謙 Qian ䷎ hexagram meanings:
Humbleness, Humble, Modesty, the Lack of Pride
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The fifteenth gua is Qian translated as humbleness, amiable, courteous, and modest. The fifteenth gua is associated with the twelfth month of the lunar year, or January in the solar calendar. Despite the similarity in names, the fifteenth gua differs from Qian the initiating and are two separate characters in the Chinese language. The fourteenth gua reminded us to avoid becoming too prideful after a great harvest and Qian continues this lesson. Qian states that one should be sensical enough to lack self-importance and pride. Humbleness is considered a treasure.
Qian’s ideograph depicts an open-mouthed man, the act of speaking, on one side. This is meant to signify humility. On the other side are two bundles of wheat with a hand in between to suggest the act of equal division. This reflects the qualities of a superior person. They are somebody who decreases that which is in excess and increases that which is limited. This person makes things equally balanced. This represents the idea of humility and humbleness that Qian hopes to communicate. Weighing and balancing things to make them equal should be expressed in one’s everyday life. To be balanced as a person is to be humble.
Qian is Earth above Mountain, which inverts what we consider to be a natural relationship between the earth and mountains. Usually, a mountain is higher than the earth, and this is what defines it as such. When it comes to Qian, the mountain has been humbled below the earth. The Earth is gentle and the mountain still. If one can surpass the tendency for pride and treat others with gentleness, they are humble in character. Humility is one of the most important virtues to the ancient Chinese, and it is not an easy task to cultivate. The ego is strong and often complicates the path to becoming humble, but the rewards of humility are fruitful and lead to prosperity and success to the one who cultivates this virtue.
Of all of the sixty-four gua, the auspiciousness of the fifteenth is highlighted in the I Ching. To the ancient Chinese, humbleness does not ask one to hold themselves back from positive acts. Instead, it asks one to treat others with respect and harmoniously cooperate with each other. Qian asks us not to treat ourselves as more important than any other person, for we are all equal and deserving of respect. This is the way to maintain a peaceful community.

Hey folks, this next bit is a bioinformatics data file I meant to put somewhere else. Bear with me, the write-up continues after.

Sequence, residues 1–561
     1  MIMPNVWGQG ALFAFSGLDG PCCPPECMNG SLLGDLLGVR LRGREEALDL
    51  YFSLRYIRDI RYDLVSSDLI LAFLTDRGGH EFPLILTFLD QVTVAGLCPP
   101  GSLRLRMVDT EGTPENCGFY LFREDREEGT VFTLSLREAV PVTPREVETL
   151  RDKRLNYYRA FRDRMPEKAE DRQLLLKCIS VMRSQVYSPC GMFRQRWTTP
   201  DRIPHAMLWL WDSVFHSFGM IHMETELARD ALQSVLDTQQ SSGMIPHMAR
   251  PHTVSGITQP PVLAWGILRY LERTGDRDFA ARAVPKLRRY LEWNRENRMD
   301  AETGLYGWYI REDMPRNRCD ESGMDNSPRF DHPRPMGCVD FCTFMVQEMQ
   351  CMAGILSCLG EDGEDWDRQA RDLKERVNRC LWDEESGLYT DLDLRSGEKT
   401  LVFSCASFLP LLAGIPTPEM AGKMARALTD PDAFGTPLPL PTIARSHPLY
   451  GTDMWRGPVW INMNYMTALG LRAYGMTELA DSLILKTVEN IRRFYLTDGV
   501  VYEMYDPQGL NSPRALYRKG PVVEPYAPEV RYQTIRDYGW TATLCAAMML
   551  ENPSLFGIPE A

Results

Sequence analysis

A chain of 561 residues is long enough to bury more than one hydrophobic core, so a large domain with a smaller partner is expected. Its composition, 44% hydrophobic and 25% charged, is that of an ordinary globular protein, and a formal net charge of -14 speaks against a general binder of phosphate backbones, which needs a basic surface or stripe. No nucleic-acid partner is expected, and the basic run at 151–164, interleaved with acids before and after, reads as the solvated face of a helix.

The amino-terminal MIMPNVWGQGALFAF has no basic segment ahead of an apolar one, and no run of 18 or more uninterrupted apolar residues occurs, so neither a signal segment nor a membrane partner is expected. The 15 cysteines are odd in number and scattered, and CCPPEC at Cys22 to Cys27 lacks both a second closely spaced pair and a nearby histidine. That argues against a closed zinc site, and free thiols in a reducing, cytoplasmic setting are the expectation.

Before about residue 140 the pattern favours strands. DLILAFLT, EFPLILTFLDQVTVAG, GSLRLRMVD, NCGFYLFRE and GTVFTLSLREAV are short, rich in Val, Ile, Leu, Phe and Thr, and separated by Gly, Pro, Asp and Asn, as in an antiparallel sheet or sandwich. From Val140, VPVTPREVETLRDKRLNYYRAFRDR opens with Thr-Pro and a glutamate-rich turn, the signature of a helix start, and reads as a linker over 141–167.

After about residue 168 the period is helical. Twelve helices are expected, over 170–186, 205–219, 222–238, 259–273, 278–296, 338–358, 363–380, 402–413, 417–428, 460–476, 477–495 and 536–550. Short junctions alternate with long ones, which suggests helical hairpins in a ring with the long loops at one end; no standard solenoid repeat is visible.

Returning to King Wen’s story, this gua represents the humbleness that he cultivated after the great harvest. He knew that he must keep this humility because it was the honorable thing to do, but also because the Tyrant of Shang would suspect him if he did not. It was with this humility that King Wen was able to gain so many allies from neighboring clans. He did not hurry but understood that if he wished to rule the people he would need to continue to cultivate humility to gain their love and trust. He believed this to be the most effective way to defeat the tyrant.
䷎ Qian hexagram
䷎ Qian hexagram meaning
An inward look, A realization of imperfection, The modest man Reins in his proud enthusiasm And trains it for success.
Bottom Line meaning
The river cares not For a man’s opinion of himself. Judge the river With humility in your heart To make a successful crossing.
Line Two meaning
Favorable prospects shine On the man with self-restraint.
Line Three meaning
To deliver more than you promise Is both humble and diligent. Good fortune awaits the modest.
Line Four meaning
No one questions the dog Who trots from shop to shop, Neither begging nor insisting. A soft approach will take you Wherever you want to go.
Line Five meaning
At home remain modest, And take nothing your neighbor needs. In faraway lands show force, And take what is not guarded.
Top Line meaning
The best conqueror and commander First conquers himself.
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